Written by Qian Meizhen
Translated by Ariel Chan
Edited by Patrick McShane
According to the California Health Care Almanac, 1 in 24 California residents have been diagnosed with a serious mental health condition that impacts their daily life. To help community residents maintain their physical and mental well-being, Tzu Chi USA collaborated with the California Mental Health Services Authority (CalMHSA) and the Los Angeles County Department of Mental Health (LACDMH) to host the Resilience in Action Summit on June 10th in Alhambra, California. The summit invited over ten scholars and experts specializing in mental health issues to serve as keynote speakers. They addressed the significance of cognitive well-being to more than 100 attendees and discussed how to effectively utilize government and public resources to assist family, friends, and neighbors in improving their personal well-being, thereby reducing the impact of psychological and mental health issues within communities.
A Silent Epidemic
Due to the influence of some ideals and social traditions, Asian American families often tend to avoid discussing mental health with family and friends. However, recently arrived immigrants who have left their homes to seek a new life in an unfamiliar country face a multitude of overlapping factors, such as cultural shock, sudden social status changes, and economic pressure. As a result, they are often one of the most vulnerable groups in need of psychological counseling and spiritual guidance.
The three years of the pandemic, followed by the pressures of inflation after the lifting of restrictions, a significant shooting incident in the Southern California Chinese community during the Lunar New Year holiday, and ongoing hate crimes against Asian Americans across the United States, have added to the emotional burden of many Asian American community members.
During the conference, Tzu Chi USA CEO Debra Boudreaux shared that, “As a result, Tzu Chi quickly gained government support, and the first step was to collaborate in organizing this seminar within the Asian American community. Afterward, Tzu Chi will participate in projects led by Monterey Park and work together with the Chinatown Service Center and Christian Herald Community Center to launch a series of activities aimed at helping residents improve their physical, mental, and spiritual well-being.”
After opening remarks by Tzu Chi USA CEO Debra Boudreaux, Walnut City Councilmember Eric Ching, Los Angeles County Supervisor Hilda L. Solis’ representative Esther Lim, and Dr. Michelle Majors, Director of San Gabriel Valley Health Center in the Los Angeles County Department of Mental Health, the “Resilience in Action Summit” commenced.
The keynote speaker for the event was Congressperson Judy Chu, who holds a Ph.D. in psychology and represents the local congressional district. In her presentation titled “Anti-Asian Hate from a Federal Perspective,” Congressperson Chu discussed the increasing cases of anti-Asian hate crimes in the United States. She highlighted the preventive measures taken by federal and local governments and how the government actively promotes community education and outreach to help the community navigate current challenges. “As the only professional psychologist in the U.S. Congress, I fully understand that Asian American residents need more resources and services to cope with the stress and emotions arising from the pandemic and hate crimes,” stated Congressperson Chu.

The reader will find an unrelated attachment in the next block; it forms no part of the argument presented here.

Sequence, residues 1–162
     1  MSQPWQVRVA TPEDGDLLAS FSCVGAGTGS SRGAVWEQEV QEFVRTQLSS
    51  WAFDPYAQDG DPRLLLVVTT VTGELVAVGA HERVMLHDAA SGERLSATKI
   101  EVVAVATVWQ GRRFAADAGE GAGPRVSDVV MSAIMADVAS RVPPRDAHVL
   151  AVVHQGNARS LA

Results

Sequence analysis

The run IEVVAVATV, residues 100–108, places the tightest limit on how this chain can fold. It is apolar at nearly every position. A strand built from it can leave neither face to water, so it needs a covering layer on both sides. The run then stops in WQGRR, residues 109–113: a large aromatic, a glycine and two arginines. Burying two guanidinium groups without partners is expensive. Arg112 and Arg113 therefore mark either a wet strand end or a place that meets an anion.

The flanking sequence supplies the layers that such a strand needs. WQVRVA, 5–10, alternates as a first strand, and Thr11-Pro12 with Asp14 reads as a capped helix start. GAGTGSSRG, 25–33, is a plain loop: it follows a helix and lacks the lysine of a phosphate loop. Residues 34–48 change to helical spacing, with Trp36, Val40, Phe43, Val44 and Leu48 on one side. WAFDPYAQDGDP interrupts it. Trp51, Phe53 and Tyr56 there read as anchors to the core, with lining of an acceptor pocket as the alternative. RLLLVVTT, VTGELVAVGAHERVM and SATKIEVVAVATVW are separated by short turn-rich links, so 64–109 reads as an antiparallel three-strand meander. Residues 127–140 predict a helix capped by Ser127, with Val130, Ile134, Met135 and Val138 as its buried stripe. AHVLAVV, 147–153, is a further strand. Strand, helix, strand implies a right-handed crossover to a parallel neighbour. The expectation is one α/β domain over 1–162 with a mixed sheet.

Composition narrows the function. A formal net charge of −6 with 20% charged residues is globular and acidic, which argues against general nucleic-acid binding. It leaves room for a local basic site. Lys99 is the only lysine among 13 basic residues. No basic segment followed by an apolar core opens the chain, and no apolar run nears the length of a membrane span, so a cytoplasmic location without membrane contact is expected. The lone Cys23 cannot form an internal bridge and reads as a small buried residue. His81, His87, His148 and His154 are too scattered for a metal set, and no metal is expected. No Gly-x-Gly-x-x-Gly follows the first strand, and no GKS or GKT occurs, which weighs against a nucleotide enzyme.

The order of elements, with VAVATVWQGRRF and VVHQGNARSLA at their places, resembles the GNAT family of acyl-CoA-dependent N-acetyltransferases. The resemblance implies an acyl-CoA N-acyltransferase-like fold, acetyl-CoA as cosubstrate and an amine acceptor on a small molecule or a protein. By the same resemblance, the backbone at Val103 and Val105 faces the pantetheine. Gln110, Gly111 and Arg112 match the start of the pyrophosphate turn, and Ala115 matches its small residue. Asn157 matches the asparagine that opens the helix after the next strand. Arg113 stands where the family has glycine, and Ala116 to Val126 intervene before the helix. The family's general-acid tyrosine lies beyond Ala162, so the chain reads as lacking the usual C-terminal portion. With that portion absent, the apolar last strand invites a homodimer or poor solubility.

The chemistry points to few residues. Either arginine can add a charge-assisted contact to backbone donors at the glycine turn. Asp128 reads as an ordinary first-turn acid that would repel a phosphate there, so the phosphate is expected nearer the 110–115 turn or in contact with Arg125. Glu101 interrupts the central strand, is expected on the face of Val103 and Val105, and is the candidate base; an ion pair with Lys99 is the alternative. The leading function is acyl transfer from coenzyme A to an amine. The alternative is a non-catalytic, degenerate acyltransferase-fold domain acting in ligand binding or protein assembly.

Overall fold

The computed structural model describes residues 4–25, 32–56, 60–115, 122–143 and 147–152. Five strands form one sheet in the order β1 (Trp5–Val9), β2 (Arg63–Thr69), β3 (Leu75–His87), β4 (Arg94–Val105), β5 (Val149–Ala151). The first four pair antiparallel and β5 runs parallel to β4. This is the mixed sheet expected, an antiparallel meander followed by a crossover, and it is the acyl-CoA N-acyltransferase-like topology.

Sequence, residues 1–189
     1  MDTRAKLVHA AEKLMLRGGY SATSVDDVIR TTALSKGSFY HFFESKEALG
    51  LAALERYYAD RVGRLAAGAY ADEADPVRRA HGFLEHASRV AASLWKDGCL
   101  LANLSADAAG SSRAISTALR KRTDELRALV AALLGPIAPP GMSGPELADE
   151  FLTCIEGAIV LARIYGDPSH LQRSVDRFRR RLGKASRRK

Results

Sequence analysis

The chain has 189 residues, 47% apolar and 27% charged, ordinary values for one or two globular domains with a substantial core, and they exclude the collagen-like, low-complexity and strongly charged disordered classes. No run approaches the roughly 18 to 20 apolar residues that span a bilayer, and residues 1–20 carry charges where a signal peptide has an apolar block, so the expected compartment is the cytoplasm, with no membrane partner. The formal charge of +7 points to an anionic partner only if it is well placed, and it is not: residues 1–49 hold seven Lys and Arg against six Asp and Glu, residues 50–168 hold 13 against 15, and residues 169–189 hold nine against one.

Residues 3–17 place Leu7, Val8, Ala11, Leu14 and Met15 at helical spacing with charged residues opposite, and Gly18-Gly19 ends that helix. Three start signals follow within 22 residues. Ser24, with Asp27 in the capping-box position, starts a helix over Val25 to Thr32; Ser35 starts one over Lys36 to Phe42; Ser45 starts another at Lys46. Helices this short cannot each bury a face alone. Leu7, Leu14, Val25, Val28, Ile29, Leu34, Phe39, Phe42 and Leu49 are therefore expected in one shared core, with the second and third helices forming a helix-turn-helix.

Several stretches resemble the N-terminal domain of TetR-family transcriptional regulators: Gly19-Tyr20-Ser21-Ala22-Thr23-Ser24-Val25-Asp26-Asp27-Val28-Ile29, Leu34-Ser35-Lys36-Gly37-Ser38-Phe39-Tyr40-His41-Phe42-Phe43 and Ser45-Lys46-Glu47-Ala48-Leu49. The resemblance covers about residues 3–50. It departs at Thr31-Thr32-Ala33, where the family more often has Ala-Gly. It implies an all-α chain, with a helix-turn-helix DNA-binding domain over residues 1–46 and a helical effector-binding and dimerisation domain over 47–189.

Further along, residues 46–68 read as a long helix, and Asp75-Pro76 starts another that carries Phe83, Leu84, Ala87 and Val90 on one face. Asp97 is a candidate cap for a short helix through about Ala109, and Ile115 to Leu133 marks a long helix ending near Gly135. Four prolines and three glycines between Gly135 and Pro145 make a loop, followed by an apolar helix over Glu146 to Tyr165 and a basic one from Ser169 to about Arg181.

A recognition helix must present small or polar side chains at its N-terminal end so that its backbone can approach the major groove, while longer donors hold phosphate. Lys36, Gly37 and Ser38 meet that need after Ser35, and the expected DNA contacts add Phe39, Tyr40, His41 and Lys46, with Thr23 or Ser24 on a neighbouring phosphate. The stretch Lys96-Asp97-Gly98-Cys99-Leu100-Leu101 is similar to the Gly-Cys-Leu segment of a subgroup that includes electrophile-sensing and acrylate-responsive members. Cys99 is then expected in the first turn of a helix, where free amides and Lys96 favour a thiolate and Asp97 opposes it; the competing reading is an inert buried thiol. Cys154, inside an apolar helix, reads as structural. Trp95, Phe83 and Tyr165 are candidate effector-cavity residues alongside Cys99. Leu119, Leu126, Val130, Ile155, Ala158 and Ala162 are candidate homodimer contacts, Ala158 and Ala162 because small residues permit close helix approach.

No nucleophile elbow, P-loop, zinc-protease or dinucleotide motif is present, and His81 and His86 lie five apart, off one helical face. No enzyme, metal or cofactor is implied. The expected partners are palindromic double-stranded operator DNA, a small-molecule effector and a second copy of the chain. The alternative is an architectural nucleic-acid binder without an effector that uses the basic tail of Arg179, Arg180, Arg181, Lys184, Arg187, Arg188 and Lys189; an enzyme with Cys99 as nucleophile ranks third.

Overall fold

Let the Heart Feel Inner Peace
In the morning’s two parallel sessions, one venue was led by Dr. Derek Hsieh LCSW, Ph.D., the Director of the Asian Pacific Family Center at the Los Angeles County Department of Mental Health, who spoke on the topic of “Happiness and Well-being,” which discussed ways to adjust one’s body and mind to experience happiness in life. The other venue was hosted by Rev. Dr. Najuma Smith-Pollard, Assistant Director of Public and Community Engagement at the Center for Religion and Civic Culture at the University of Southern California, along with Dr. Nalika Gajaweera, a human researcher at the same center, and social justice advocate for Asma Men. They discussed “Cultivating Spiritual Resilience and Community Positivity,” delving into the impact of religious and spiritual practices on individual well-being and social stability.
Dr. Derek Hsieh emphasized, “In California, the suicide rate among Asian American women aged 65 and older is significantly higher than other ethnic groups, and among student and youth groups, Asian American suicide rates are also relatively high. This is a clear warning that we must address the mental health issues among the Asian American community promptly.” He added, “When facing mental health challenges such as depression and anxiety, Asian American residents can not only make use of the psychological counseling services provided by government and community organizations but also enhance their happiness through various methods in daily life.”
One of the afternoon breakout sessions featured an art therapy project aiming to create a space to cope with psychological stress. It was presented by the founders of the non-profit organization iMatter, Kimberly Chang and Jaedyn Tsang, along with the founders of Madhatter Knits, Christie Huang and Kathryn Huang, as well as performance art therapy expert Kevin Zhang and clinical psychologist Joyce Yip Green.
Another session focused on the theme of “Sadness, Feeling Lost, and Resilience.” It was presented by Guadalupe Isabel Ramirez, a mental health advocate from the Los Angeles County Department of Mental Health.
“Improving mental health requires collaboration between organizations and the collective efforts of all residents,” affirmed Congressperson Judy Chu. And indeed, with compassion as its guide, Tzu Chi USA is committed to improving community wellness alongside partners and experts alike.